Skin needling involves puncturing the dermis with a needle-like device to induce new collagen for the purpose of skin rejuvenation. This technique involves a controlled injury to blood vessels, which involves a number of complex cellular changes. Blood platelets spill into the injury site, causing the platelets to come into contact with the extracellular matrix. This contact triggers the platelets to release clotting factors, essential growth factors and cytokines, such as Platelet Derived Growth Factors (PDGF) and Transforming Growth Factor Beta (TGF beta). Once the bleeding has ceased, neutrophils enter the injury site and begin phagocytosis to remove foreign material, bacteria and damaged tissue. Macrophages also enter the injury site and continue phagocytosis and release more PDGF and TGF Beta.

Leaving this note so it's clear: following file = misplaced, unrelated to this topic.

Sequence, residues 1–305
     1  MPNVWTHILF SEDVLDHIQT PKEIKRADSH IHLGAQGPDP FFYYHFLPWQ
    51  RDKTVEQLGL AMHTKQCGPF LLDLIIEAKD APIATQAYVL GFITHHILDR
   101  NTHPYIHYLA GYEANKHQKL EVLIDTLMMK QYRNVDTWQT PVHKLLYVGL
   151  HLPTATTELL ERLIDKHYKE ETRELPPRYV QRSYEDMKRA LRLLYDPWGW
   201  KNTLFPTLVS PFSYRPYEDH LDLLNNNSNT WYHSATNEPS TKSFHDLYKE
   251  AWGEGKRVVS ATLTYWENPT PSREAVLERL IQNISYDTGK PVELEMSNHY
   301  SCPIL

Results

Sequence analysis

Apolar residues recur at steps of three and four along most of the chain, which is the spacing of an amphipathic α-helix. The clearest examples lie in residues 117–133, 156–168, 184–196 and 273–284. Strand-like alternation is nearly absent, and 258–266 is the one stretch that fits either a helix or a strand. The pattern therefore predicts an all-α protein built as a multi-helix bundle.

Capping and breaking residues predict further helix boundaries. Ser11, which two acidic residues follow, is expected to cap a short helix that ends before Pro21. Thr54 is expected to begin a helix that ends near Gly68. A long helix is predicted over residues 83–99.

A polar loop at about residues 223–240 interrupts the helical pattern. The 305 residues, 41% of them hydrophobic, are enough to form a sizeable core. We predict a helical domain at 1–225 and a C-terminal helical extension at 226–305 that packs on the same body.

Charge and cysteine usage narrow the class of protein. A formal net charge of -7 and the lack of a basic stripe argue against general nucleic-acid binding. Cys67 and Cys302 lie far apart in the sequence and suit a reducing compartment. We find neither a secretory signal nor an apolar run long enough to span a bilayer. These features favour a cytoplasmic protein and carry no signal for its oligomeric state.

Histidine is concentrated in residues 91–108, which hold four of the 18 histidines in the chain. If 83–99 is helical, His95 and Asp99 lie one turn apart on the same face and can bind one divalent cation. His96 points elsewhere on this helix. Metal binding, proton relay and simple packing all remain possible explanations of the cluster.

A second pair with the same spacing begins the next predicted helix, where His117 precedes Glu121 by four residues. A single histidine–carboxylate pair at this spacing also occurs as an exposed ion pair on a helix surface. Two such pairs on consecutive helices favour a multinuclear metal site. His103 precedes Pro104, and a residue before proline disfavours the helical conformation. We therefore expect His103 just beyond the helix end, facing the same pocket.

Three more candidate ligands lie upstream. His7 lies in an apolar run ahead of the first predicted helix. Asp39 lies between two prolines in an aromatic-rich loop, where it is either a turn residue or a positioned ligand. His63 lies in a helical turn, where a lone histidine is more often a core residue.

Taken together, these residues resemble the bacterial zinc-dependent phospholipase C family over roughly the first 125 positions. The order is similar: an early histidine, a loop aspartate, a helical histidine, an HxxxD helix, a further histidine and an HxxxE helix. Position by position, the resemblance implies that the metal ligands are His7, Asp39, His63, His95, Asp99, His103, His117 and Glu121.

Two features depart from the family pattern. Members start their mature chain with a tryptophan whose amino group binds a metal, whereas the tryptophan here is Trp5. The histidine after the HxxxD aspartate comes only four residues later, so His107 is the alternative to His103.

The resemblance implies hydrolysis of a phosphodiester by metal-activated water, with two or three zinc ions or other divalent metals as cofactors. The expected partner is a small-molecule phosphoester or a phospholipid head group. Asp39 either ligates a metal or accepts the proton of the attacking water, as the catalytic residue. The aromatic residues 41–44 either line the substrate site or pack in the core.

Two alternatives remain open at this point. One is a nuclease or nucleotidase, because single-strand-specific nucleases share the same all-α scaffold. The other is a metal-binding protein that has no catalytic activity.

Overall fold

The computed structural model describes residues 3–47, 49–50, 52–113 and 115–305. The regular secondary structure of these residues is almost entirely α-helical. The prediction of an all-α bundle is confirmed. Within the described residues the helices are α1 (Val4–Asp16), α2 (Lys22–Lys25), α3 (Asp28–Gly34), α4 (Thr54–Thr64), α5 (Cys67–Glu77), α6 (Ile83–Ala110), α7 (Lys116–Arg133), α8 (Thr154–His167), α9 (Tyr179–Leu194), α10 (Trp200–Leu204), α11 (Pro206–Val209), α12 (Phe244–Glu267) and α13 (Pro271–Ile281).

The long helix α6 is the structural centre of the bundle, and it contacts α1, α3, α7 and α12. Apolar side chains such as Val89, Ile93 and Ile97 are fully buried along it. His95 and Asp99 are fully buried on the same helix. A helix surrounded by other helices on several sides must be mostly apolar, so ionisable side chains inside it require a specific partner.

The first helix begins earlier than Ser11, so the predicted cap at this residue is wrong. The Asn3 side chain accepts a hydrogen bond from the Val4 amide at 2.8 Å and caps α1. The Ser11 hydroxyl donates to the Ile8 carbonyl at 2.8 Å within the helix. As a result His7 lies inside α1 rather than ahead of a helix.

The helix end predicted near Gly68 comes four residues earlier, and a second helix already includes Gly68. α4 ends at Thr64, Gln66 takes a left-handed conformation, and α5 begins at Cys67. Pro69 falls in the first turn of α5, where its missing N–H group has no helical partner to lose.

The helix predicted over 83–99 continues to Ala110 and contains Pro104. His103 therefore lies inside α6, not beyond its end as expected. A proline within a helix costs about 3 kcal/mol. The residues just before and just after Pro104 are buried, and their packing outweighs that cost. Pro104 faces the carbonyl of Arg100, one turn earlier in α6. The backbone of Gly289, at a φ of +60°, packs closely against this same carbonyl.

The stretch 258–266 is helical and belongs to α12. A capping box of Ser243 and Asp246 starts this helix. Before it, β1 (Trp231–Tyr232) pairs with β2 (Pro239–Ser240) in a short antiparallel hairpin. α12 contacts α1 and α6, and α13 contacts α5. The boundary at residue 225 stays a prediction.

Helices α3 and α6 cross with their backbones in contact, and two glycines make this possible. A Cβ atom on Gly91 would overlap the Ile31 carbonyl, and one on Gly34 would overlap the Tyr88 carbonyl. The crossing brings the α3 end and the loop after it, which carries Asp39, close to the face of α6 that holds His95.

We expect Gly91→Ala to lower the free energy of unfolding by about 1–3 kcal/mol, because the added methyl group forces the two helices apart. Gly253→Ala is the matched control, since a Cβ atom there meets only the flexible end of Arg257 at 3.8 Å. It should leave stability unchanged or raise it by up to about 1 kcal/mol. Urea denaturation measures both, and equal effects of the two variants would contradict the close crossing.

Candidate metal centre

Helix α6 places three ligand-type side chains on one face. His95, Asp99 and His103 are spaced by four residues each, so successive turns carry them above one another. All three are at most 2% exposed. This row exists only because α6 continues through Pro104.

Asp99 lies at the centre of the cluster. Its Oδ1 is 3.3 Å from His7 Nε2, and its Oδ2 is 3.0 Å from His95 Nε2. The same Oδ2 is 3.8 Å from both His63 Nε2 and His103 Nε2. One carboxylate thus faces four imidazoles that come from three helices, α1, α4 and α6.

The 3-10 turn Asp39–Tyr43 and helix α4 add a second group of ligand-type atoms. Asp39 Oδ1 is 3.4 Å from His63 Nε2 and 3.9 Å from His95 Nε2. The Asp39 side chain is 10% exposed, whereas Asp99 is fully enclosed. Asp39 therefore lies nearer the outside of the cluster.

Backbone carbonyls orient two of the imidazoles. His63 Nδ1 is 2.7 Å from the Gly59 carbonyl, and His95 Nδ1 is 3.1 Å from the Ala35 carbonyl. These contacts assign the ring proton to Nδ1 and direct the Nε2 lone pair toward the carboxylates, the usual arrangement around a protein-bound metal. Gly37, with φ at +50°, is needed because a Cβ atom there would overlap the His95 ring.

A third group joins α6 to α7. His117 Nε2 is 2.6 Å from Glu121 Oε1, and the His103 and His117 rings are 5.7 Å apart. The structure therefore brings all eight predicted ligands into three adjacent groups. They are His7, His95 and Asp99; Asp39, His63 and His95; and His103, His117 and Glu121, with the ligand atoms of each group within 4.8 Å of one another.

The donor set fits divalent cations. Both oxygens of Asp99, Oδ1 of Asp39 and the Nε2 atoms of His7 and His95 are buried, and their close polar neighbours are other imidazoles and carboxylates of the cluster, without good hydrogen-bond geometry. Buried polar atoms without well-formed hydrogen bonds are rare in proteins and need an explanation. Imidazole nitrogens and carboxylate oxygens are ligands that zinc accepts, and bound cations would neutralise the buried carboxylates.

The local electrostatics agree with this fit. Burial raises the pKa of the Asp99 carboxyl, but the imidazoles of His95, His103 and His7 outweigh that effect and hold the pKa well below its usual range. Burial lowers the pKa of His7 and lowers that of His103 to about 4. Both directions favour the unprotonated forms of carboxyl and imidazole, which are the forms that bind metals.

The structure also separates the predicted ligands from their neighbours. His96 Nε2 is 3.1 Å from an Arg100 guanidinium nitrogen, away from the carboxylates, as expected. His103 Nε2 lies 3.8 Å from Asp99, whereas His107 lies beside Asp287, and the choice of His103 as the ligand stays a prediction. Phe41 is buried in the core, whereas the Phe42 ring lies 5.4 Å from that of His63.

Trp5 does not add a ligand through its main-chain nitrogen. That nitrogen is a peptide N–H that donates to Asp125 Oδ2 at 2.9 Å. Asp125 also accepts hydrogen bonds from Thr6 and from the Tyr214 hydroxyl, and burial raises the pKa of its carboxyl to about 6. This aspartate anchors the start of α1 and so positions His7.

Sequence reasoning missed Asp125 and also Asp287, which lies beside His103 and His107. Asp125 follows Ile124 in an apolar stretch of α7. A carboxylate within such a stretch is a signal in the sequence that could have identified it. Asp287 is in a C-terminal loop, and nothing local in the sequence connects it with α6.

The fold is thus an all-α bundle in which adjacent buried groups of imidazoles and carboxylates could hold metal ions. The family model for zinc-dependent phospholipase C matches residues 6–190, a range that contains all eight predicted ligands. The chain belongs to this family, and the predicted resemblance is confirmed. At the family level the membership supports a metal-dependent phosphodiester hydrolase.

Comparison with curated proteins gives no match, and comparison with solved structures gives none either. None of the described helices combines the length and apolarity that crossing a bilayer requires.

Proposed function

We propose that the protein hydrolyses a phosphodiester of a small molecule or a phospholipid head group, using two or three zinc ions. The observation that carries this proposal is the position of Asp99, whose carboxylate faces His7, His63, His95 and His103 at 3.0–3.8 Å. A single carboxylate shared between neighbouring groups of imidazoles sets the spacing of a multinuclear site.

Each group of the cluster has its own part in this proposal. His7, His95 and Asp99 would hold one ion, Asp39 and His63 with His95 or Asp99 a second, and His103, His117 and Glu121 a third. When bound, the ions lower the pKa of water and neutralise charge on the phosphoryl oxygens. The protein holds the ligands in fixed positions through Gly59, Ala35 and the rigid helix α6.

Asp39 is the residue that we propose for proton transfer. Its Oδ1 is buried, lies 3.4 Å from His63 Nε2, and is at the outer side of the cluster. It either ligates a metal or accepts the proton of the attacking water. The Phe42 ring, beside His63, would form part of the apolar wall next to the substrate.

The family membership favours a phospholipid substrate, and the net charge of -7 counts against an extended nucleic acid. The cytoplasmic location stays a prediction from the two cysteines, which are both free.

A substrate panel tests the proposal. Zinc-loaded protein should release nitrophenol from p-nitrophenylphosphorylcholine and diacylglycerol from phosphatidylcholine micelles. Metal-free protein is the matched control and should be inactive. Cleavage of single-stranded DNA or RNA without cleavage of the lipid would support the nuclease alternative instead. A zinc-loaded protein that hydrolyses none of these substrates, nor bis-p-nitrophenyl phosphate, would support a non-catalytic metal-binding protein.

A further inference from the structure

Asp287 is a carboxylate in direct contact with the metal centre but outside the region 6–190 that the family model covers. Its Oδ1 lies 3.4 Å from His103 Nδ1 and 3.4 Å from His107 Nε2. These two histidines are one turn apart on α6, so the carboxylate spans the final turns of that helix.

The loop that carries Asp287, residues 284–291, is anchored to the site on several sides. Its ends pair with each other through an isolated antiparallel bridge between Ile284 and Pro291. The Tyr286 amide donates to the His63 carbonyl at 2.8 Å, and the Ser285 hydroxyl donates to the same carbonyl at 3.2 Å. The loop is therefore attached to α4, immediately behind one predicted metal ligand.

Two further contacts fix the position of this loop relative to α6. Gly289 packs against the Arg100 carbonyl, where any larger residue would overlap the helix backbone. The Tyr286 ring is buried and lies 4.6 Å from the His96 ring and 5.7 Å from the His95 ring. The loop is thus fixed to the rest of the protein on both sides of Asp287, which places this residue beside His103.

Once the injury site is cleaned, Fibroblasts migrate into the injury site a start to produce and deposit new extracellular matrix. The new collagen matrix becomes cross-linked and organized during the final remodeling phase, which can continue for up to 12 months after injury has occurred. Collagenesis is a process that naturally promotes collagen production in your skin without damaging it. Collagen Type III is the dominant form in the early wound-healing phase. Collagen III is gradually replaced by collagen type I over a period of 12 months. Needle holes are about 4 cells wide, while the epidermis and dermis remain intact. The fact that the epidermis stay intact is extremely advantageous as it means less downtime and potential post inflammatory hyper pigmentation is minimal.